Reading post-convention tea leaves will be the job of bureaucrats, lobbyists, opposition parties and policy makers. The aftermath of the weekend will focus on which parts of the policy platform will make the election cut. A national pharmacare plan, supported by the caucus, and the Ontario and British Columbia wings of the party, will likely lead the pack.
By SHEILA COPPS
First published on Monday, April 16, 2018 in The Hill Times.
OTTAWA—Thousands of Liberals from across the country will descend on Halifax this weekend to plan their path to a potential electoral victory.
It will be the final national meeting in advance of the next election and, in keeping with conventions of a party in government, will likely be non-controversial and inclusive.
Most raucous conventions, where party splits are on display for all to see, occur when a government is defeated and the party becomes the de facto vehicle for renewal.
Conventions can also be an expression of support for a political party.
Back in 2012, I ran unsuccessfully for president at the largest Liberal non-leadership convention in the history of the party.
The Ottawa-based meeting was the first get-together after the worst defeat ever suffered by the party. Many observers were predicting the demise of Liberalism. More than 3,000 people gathered to prove them wrong. The meeting became a confirmation that the deep and broad roots of the party had not been snuffed out by a single electoral defeat.
Under the leadership of Justin Trudeau, the party became the first in Canadian history to go from third to first place in a single election.
When a party is in government, convention organizers strive for excitement without division, and that is a tough assignment for any political organization.
The top executive position is uncontested, with outgoing president Montrealer Anna Gainey turning over the reins to Halifax native Suzanne Cowan.
Cowan, who works in Toronto, is the daughter of retired Senator and long-time party bagman Jim Cowan.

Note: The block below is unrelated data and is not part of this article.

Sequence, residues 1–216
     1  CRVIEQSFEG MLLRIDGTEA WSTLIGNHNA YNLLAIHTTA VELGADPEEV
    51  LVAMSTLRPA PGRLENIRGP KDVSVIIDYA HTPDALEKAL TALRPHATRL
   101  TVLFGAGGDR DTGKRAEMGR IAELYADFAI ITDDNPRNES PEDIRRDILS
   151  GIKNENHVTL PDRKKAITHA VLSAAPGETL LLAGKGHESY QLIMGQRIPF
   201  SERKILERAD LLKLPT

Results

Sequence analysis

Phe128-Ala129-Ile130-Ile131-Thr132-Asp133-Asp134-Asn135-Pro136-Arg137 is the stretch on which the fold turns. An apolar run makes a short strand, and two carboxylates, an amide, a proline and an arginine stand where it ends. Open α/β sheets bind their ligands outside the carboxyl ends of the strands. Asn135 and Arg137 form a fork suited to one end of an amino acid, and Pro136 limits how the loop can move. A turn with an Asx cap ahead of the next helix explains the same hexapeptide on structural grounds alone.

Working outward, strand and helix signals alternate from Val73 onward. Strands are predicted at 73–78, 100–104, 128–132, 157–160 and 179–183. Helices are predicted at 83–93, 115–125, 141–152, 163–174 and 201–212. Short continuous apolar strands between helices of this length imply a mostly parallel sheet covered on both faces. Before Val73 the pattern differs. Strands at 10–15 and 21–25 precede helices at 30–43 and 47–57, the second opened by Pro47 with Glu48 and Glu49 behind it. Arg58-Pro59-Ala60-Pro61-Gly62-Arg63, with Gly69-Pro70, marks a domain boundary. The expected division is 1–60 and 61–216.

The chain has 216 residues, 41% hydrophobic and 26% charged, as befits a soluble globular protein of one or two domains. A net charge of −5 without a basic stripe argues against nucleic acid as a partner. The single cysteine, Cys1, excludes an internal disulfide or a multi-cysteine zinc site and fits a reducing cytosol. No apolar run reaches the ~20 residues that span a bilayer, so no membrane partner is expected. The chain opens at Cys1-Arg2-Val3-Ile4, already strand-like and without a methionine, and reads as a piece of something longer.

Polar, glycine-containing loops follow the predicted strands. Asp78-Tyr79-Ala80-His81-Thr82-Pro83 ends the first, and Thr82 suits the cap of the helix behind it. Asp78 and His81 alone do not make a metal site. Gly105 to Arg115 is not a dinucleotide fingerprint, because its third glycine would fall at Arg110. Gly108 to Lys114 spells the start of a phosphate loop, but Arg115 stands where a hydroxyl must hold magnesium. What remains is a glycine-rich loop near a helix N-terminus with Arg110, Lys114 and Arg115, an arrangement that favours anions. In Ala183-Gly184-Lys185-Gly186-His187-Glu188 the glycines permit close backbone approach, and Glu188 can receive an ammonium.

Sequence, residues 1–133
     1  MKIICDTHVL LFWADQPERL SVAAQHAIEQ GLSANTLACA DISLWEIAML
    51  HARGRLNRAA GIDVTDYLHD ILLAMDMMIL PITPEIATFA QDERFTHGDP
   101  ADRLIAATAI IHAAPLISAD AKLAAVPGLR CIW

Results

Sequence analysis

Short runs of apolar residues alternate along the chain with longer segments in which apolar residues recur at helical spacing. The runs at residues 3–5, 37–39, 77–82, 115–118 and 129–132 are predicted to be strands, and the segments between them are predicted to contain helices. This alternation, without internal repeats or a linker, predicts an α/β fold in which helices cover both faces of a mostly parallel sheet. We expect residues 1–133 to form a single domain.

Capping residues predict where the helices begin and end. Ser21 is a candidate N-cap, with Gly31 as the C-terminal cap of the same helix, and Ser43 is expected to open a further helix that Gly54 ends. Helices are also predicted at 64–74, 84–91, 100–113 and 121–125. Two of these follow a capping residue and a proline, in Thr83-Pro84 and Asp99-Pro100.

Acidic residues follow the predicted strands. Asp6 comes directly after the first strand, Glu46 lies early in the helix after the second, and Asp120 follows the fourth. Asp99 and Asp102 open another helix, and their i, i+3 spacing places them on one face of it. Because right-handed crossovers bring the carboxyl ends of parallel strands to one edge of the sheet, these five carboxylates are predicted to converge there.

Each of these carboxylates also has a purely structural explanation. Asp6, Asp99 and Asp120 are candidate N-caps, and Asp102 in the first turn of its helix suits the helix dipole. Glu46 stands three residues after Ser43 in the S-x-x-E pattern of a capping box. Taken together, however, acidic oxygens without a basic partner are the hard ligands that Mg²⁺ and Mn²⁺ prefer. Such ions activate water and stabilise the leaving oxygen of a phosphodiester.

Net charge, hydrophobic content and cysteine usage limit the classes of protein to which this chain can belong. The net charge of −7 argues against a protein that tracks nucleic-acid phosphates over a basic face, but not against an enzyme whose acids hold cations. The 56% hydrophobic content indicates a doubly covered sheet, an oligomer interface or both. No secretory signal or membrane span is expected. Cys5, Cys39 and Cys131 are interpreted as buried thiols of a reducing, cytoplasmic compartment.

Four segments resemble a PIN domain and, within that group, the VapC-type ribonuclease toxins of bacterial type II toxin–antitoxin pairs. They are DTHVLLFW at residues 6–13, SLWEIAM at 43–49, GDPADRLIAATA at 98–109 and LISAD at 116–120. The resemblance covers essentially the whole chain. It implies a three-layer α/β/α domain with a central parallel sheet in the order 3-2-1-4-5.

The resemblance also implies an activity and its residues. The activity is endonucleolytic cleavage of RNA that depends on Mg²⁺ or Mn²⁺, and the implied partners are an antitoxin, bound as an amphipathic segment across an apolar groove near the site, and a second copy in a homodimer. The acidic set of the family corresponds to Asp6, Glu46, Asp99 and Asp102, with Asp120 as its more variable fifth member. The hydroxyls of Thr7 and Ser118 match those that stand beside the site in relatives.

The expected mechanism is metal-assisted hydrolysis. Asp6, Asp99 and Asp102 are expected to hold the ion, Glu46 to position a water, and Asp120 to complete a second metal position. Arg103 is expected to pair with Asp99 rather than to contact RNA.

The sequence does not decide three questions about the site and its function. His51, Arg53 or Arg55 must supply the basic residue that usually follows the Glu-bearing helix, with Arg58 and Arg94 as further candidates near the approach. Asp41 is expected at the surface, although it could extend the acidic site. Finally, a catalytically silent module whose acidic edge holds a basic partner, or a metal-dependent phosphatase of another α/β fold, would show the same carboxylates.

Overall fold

She describes her job as chief volunteer, and plugs the convention as the first step in the drive to a 2019 victory. Cowan says her focus will be on election readiness, organizing and fundraising.
Cowan is right. The volunteer network in politics is larger than that of any other charitable organization in the country.
And the desired outcome of every party’s national convention is to inspire the troops to get back to their ridings and begin election preparations.
Former U.S. Democratic presidential adviser David Axelrod is one convention speaker, who will reflect on his work as campaign manager for Barack Obama’s two successful presidential bids.
Former prime minister Paul Martin will be highlighted at the Aboriginal Commission fundraising breakfast while Labour Minister Patty Hadju is chief guest at the Judy LaMarsh Party, the Women’s Commission fundraiser designed to garner funds for future women candidates.
There are 30 party resolutions that have run the gauntlet of local and provincial conventions to be deemed priorities for discussion and voting. A youth resolution at a previous national meeting was the catalyst that lead to the Trudeau plan to legalize marijuana.
This time, most of the resolutions are non-controversial. Some are motherhood, but definitely costly.
The Newfoundland and Labrador Liberal Party is recommending a feasibility study for the construction of a fixed link from the Rock to the rest of Canada, citing the success of the federally-funded Confederation Bridge linking Prince Edward Island to New Brunswick two decades ago.
Decriminalization of consensual sex work and an end to taxation on menstrual products will probably dominate media headlines. Both of these resolutions have made it to the national floor as priorities.
Top resolutions target offshore tax havens. The National Women’s Liberal Commission is calling for a public registry of all offshore account holders, and a transparent, country-by-country reporting mechanism for all multinationals.
The commission is also seeking the creation of a new United Nations inter-governmental organization to craft a world anti-tax avoidance strategy.
The resolution claims that Canada is losing a potential revenue of $10- to $15-billion annually via international tax loopholes.
That debate will certainly garner the attention of the finance minister and the chief Liberal Party fundraiser, whose family business was reported to have used legal offshore mechanisms to minimize taxes.
It will also provide fodder for opposition parties seeking traction for their push to eliminate Canada’s tax loopholes for multinationals and family trusts.
The convention will also consider a proposal for an aboriginal ombudsman, national pharmacare, a renewable energy tax credit and support for pipeline construction.
Reading post-convention tea leaves will be the job of bureaucrats, lobbyists, opposition parties and policy makers.
The aftermath of the weekend will focus on which parts of the policy platform will make the election cut. A national pharmacare plan, supported by the caucus, and the Ontario and British Columbia wings of the party, will likely lead the pack.
The weekend is designed to rev Grits up for 2019.
Election win or bust.
Sheila Copps is a former Jean Chrétien-era cabinet minister and a former deputy prime minister. Follow her on Twitter at @Sheila_Copps.